In a liberalised energy market, that is one open to competition, you are mainly in contact with two players: the supplier and the distribution system operator.
However, alongside these two main parties, other companies or bodies also contribute towards supplying energy and ensuring that the market runs smoothly:
The aim of liberalising the energy market (which has been the case in Brussels since 2007) is to put an end to certain monopolies and to enable consumers to choose their supplier. The intention is for separate companies to take care of the production, transmission, distribution and supply of electricity and gas.
It all begins with generating electricity and importing gas. Different companies compete with one another to sell energy to the suppliers who then sell it on to their customers. It may be, however, that one company both produces energy and sells it to consumers.
There is one such operator in Brussels (Sibelga) and several in the other Regions. They each have a monopoly over the network in their area.
The federal regulator, the CREG (Commission for Electricity and Gas Regulation, website in French), checks that all the players on the market abide by the rules. The CREG is responsible, among other things, for advising the public authorities, approving the transmission rates and calculating the social rate.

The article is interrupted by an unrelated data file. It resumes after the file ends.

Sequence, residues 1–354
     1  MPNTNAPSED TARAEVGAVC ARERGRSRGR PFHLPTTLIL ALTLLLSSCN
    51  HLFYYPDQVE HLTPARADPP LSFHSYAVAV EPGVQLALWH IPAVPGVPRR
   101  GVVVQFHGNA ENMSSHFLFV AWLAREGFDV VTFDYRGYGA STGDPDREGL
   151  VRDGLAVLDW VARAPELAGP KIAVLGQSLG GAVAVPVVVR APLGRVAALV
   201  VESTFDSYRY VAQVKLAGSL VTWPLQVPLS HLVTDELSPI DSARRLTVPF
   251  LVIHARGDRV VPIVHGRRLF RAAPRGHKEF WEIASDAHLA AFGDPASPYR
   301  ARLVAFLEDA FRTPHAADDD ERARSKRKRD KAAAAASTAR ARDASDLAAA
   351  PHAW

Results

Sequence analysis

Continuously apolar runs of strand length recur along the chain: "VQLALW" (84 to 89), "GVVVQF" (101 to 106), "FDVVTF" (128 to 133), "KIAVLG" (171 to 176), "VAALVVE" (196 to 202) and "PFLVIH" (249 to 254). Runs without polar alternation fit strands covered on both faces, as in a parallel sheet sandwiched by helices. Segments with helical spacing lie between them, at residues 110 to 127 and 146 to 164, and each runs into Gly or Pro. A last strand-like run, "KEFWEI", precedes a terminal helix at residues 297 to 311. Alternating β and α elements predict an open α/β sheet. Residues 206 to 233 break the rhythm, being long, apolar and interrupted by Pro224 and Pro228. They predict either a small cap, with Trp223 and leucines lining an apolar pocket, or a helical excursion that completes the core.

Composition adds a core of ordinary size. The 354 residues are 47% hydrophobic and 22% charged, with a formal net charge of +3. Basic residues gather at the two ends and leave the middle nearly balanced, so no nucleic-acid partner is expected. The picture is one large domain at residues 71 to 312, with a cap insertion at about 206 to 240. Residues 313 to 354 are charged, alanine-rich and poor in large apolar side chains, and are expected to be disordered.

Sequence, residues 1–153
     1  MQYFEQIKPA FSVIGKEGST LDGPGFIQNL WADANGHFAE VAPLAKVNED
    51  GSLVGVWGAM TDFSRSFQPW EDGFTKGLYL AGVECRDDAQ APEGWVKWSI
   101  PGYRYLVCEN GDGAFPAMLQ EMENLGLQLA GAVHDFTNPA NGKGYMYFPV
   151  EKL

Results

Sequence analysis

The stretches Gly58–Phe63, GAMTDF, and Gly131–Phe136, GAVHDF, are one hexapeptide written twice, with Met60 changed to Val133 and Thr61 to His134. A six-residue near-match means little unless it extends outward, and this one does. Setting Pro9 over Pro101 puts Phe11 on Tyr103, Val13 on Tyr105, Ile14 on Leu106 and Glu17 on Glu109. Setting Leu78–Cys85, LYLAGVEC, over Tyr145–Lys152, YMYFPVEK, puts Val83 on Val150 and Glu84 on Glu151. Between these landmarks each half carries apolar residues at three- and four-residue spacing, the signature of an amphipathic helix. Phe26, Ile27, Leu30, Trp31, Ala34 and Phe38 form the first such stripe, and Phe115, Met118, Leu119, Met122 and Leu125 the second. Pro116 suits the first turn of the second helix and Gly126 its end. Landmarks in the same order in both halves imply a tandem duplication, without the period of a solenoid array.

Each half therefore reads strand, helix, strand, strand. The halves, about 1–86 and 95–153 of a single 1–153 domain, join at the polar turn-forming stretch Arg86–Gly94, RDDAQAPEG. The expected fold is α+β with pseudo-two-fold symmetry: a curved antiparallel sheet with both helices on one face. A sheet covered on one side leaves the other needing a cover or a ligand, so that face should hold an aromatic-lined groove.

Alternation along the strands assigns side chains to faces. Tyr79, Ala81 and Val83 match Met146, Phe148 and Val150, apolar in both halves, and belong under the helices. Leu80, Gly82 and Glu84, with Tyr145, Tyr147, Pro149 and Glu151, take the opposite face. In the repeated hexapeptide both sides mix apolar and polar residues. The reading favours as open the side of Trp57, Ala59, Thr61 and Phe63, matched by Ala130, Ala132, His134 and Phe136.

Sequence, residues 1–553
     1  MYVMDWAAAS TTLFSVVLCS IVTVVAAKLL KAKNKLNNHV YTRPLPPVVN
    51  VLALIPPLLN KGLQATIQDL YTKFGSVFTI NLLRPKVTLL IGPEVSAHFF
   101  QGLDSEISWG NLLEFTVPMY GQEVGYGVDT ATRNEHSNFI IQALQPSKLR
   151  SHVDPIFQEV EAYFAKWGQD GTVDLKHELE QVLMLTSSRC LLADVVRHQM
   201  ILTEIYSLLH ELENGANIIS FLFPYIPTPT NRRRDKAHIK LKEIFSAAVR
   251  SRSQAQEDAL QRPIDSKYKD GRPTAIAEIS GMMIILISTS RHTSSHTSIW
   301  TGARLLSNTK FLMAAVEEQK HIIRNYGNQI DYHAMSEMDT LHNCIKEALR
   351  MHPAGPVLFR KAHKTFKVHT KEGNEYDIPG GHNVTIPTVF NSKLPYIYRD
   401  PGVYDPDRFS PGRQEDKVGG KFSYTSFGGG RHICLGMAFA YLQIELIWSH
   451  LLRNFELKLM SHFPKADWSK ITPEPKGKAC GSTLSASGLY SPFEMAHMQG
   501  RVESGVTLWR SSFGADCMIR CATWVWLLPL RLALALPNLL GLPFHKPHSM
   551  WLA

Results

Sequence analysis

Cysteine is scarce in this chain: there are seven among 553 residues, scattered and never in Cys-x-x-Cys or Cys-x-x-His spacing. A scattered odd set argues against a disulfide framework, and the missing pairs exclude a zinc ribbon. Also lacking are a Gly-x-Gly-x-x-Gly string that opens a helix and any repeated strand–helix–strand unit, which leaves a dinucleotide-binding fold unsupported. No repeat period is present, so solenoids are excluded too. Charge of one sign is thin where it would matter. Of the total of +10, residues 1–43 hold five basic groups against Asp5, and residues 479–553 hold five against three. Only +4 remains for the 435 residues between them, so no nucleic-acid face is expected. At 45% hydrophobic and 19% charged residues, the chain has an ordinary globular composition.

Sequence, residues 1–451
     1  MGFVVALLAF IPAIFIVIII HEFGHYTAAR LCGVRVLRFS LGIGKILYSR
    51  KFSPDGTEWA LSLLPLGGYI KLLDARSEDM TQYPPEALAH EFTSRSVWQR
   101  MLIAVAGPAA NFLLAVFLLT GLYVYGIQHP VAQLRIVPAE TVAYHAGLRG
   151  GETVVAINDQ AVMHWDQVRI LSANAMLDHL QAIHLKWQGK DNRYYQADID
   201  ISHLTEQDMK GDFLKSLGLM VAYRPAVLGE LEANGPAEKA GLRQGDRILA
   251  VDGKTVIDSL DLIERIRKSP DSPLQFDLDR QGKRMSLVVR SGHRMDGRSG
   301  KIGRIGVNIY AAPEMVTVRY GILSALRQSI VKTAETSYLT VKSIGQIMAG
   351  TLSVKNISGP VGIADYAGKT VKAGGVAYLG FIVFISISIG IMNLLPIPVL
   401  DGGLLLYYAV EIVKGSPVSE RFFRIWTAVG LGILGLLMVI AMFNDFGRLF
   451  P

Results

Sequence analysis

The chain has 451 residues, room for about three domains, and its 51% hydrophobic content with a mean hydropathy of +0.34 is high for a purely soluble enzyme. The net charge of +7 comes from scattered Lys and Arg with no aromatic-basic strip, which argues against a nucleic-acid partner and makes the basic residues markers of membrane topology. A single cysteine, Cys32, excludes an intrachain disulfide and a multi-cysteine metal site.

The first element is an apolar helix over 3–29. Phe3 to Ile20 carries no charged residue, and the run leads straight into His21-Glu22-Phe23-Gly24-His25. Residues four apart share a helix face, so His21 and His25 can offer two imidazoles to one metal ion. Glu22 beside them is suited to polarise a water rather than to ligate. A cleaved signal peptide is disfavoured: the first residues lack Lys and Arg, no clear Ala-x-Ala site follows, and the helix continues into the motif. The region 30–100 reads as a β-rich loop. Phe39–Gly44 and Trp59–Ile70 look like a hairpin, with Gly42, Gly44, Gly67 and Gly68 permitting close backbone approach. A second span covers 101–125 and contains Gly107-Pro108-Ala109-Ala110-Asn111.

Brugel (website in French) is the energy market regulator in the Brussels-Capital Region. This is the body that issues licences for suppliers who wish to operate in the Region and monitors Sibelga and Elia (for the Brussels segment of the high-voltage network). It also grants green certificates and approves the distribution rates of Sibelga. In Flanders, Vreg fulfils this role, and in Wallonia it is Cwape (website in French).
Finally, you can call upon the energy mediation service (website in French) if you have not been able to resolve a dispute with an electricity or gas company.
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